Ali Master
Beyond the Golden Door: Seeing the American Dream through an Immigrant's Eyes
Morgan James Publishing, New York, 2019
ISBN-13: 978-1642792850

beyond the golden door


"Easy-to-read, Beyond The Golden Door provides some fascinating insights not only into what it's like for immigrants coming in to the US but also into the journey of a how a person with a Muslim background came to be a follower of Christ. "

Ali Master grew up as a Muslim in Pakistan but as a young man was given the opportunity to attend an American college. It was a decision that was to have a profound impact on his life, including providing the freedom to embrace a new faith in Jesus Christ.

This book is his account of that tale but it's also an expression of gratitude for the opportunites his move to the US has opened up to him. 

Master was just 18-years-old when he moved to the US in 1986, leaving behind his family, home and friends in Karachi for the first time to study at a university in Texas. It was a rocky beginning as he adjusted to a new life in a strange country and in the book he details how, after initially flunking out of college, losing his job and even making a failed suicide attempt, he was able to eventually find his feet at both school and work.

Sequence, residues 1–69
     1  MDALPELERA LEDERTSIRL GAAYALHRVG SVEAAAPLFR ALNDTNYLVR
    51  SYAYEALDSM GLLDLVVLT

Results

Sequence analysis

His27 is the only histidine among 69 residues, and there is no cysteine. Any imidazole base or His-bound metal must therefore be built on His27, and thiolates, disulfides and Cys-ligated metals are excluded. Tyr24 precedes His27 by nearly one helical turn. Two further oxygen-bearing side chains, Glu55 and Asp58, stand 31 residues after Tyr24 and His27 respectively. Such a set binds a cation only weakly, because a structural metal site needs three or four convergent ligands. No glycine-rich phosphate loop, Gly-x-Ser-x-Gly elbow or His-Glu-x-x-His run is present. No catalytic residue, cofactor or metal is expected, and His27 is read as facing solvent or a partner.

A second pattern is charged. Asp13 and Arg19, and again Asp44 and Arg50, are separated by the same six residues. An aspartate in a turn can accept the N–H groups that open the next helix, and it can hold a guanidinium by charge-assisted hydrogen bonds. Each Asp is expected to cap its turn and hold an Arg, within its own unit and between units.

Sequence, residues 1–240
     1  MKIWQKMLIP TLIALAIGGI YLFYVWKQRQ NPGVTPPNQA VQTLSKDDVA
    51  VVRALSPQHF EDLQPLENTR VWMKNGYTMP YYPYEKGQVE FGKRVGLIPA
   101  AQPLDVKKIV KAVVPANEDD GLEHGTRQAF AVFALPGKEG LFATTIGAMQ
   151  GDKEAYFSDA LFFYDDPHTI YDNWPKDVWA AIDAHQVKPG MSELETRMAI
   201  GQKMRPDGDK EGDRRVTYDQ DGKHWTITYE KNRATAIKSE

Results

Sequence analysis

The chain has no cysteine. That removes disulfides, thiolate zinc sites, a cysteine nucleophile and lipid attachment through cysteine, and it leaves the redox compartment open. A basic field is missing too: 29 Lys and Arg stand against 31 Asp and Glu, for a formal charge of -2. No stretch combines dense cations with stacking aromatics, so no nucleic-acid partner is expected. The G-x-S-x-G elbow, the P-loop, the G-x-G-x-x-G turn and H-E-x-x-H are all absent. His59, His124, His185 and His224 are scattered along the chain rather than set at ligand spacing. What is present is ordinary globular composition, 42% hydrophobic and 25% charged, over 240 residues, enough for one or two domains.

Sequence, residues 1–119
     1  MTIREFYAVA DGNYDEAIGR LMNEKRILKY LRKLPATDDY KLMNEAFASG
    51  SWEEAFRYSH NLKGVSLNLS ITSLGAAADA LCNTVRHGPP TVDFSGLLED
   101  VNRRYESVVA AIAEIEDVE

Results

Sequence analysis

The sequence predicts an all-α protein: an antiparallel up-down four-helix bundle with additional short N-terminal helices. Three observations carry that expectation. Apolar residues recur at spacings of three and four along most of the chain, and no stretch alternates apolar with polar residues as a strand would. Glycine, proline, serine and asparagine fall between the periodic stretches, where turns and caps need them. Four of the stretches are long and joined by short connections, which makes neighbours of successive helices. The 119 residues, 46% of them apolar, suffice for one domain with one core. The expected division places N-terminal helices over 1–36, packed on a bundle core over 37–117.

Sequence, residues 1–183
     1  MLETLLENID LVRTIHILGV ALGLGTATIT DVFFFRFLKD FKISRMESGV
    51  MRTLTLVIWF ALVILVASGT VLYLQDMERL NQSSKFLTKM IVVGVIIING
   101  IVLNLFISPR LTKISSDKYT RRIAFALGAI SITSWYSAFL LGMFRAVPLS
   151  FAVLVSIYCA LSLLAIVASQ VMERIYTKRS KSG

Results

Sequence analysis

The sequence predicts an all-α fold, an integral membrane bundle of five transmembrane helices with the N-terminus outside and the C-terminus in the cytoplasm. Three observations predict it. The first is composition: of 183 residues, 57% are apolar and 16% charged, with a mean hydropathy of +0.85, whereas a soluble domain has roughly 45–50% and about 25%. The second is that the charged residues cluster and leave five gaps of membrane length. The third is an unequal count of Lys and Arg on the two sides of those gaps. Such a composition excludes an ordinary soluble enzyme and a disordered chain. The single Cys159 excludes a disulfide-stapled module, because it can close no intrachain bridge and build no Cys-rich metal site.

It also talks of how he encountered Christ for the first time, found love and negotiated his family relationships, particularly when it came to his choice of wife and his new-found faith (and in spite of a revelation about his background which shook him to the core).

The book is structured in four sections - while the first two deal with his life in Pakistan and his start in the US, part three looks at five "freedoms" he found after his move to the US: freedom to fail, freedom to love, freedom of religion, freedom to build one's own business and the freedom offered in self-government.

While Master, who eventually became a partner with global firm E&Y is certainly an advocate for the idea of the "American Dream" - something he defines not as about what you can ultimately achieve in terms of financial success but about "your visions and aspirations being within your grasp if you are willing to strive for them". But he acknowledges that the US is not a perfect nation and has its own issues.

He's also aware that his story as an immigrant who successfully made a new life in the US is not everyone's experience: "I want to acknowledge that my current experience as a well-assimilated, successful Pakistani male married to a Caucasian woman can hardly compare to that of a Muslim woman who observes the hijab or a black teen from the inner city".

Easy-to-read, Beyond The Golden Door provides some fascinating insights not only into what it's like for immigrants coming in to the US but also into how a Muslim man from Pakistan came to be a follower of Christ.